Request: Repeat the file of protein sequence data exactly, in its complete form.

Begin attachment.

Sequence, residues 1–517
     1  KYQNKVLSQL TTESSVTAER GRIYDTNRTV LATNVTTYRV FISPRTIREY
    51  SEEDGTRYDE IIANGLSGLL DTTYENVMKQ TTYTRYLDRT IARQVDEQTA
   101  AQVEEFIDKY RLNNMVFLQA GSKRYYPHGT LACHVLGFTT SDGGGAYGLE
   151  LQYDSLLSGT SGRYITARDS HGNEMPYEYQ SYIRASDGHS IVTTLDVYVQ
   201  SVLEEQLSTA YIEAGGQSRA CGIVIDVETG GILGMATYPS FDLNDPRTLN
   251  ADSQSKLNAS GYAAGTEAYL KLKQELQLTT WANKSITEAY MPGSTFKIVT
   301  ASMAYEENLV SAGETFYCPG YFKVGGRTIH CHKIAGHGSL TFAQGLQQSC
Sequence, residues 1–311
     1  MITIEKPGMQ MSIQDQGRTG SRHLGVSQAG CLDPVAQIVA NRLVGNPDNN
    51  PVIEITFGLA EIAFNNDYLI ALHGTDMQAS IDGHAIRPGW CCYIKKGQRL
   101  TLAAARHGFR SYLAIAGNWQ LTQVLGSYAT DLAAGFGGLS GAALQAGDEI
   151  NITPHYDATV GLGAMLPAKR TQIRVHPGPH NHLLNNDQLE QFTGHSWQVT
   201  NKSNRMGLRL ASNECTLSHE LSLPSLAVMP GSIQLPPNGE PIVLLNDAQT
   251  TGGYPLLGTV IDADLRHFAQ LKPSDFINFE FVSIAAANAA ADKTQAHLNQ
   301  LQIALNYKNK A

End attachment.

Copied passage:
Sequence, residues 1–517
     1  KYQNKVLSQL TTESSVTAER GRIYDTNRTV LATNVTTYRV FISPRTIREY
    51  SEEDGTRYDE IIANGLSGLL DTTYENVMKQ TTYTRYLDRT IARQVDEQTA
   101  AQVEEFIDKY RLNNMVFLQA GSKRYYPHGT LACHVLGFTT SDGGGAYGLE
   151  LQYDSLLSGT SGRYITARDS HGNEMPYEYQ SYIRASDGHS IVTTLDVYVQ
   201  SVLEEQLSTA YIEAGGQSRA CGIVIDVETG GILGMATYPS FDLNDPRTLN
   251  ADSQSKLNAS GYAAGTEAYL KLKQELQLTT WANKSITEAY MPGSTFKIVT
   301  ASMAYEENLV SAGETFYCPG YFKVGGRTIH CHKIAGHGSL TFAQGLQQSC
Sequence, residues 1–311
     1  MITIEKPGMQ MSIQDQGRTG SRHLGVSQAG CLDPVAQIVA NRLVGNPDNN
    51  PVIEITFGLA EIAFNNDYLI ALHGTDMQAS IDGHAIRPGW CCYIKKGQRL
   101  TLAAARHGFR SYLAIAGNWQ LTQVLGSYAT DLAAGFGGLS GAALQAGDEI
   151  NITPHYDATV GLGAMLPAKR TQIRVHPGPH NHLLNNDQLE QFTGHSWQVT
   201  NKSNRMGLRL ASNECTLSHE LSLPSLAVMP GSIQLPPNGE PIVLLNDAQT
   251  TGGYPLLGTV IDADLRHFAQ LKPSDFINFE FVSIAAANAA ADKTQAHLNQ
   301  LQIALNYKNK A